Dark circular bruises are the trend this year at the 2016 Olympics and here is why…
These purplish circles are appearing on the arms, legs and backs of U.S. olympic swimmers and gymnasts, like Michael Phelps, Natalie Coughlin and Alex Naddour. But what is this strange phenomenon?
These bruises are the result of an ancient complimentary healing modality called “cupping”, which today is used in massage therapy.
History of Cupping
Cupping dates to the early fourth century and is one of the oldest forms of traditional Chinese Taoist bodywork. This technique is actually a form of acupuncture. Olympic athletes are said to be using it to ease the aches and pains from training and to help with recovery. However, there are many more health benefits to cupping. It has also been proven to be effective against disorders associated with the pulmonary system, to help to boost the immune system, to remove toxins and the list goes on…
So why does it leave these marks on the bodies of olympic athletes?
Well, back in the day animal horns were used for cupping. In fact, cupping was referred to as the horn technique of complimentary healing. A flammable substance was lit under the horn while it was on the skin. The flame burnt away the oxygen in the cup and when the flame went out, air suction was created, drawing the skin up into the horn. This caused blood vessels to enlarge and capillaries to rupture, causing bruises.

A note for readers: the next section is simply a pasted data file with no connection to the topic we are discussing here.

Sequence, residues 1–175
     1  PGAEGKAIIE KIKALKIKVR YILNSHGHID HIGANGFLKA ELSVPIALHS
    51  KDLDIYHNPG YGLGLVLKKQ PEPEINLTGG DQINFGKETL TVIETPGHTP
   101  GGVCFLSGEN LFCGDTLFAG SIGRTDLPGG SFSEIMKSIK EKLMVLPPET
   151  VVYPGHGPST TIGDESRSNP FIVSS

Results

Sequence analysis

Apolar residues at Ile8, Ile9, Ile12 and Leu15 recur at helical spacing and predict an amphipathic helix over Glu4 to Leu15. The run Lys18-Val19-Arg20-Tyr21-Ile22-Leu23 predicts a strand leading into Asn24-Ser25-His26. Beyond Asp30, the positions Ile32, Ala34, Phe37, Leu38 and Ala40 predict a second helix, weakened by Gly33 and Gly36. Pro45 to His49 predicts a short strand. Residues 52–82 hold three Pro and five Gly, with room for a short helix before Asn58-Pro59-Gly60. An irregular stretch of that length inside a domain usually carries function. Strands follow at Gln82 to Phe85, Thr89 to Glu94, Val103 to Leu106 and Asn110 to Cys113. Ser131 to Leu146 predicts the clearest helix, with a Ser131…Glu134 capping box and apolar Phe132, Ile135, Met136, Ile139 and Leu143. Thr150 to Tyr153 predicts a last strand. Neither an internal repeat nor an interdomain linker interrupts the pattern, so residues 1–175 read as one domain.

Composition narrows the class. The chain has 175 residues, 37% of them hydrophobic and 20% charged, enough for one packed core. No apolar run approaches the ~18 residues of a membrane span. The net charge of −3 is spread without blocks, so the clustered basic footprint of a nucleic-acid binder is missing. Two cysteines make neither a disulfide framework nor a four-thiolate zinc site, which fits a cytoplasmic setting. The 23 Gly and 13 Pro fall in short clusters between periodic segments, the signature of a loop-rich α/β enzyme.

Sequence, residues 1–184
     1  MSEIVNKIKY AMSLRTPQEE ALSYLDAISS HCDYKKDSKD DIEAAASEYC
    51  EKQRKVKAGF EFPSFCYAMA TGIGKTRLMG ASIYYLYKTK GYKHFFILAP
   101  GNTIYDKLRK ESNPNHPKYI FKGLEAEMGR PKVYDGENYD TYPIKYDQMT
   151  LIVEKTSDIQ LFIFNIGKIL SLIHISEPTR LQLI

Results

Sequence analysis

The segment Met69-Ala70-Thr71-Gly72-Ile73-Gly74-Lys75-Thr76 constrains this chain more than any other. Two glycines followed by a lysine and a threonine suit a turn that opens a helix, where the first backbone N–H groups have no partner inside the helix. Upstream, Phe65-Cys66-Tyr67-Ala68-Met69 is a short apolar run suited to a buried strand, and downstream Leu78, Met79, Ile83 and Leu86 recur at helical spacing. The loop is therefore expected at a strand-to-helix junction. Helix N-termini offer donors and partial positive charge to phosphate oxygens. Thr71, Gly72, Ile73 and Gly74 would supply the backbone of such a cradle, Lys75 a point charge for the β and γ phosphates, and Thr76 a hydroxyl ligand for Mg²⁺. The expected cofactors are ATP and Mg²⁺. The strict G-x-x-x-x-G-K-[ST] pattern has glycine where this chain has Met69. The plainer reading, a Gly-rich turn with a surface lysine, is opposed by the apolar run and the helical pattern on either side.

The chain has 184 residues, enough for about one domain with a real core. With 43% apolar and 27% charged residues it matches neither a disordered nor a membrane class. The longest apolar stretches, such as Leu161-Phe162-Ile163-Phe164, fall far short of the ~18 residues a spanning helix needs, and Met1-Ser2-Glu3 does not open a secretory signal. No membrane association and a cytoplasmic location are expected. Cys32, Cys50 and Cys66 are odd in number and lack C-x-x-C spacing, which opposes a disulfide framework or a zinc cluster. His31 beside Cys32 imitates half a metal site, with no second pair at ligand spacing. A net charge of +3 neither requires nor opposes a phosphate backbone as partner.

Today glass jars are the preferred tools used for cupping. Some therapists still use a lit object to create the suction, however modern technique uses a suction pump. The red spots caused by this technique typically last for three or four days.
What athletes may not know though is that the ancient Chinese used cupping to balance and distribute the flow energy in the body, called “chi”. This brings ying and yang forces in line in the body and mind. And a steady, clear and determined head is definitely what athletes need when competing in the Olympics!
Does Cupping Hurt?
Although cupping leaves bruises to varying shades of black and blue, it is not necessary painful. A tight sensation is felt in the area of the cup, often this sensation can feel relaxing and soothing. Cups are usually left on the skin for a short time but may also be left for an extended time if required. One very common area to be cupped is the back, although cups work well on other areas too, particularly on fleshy bits of the body. Some practitioners will also apply small amounts of medicated oils or herbal oils to the skin just before the cupping procedure, which lets them move the cups up and down particular acupoints or meridians after they have been applied.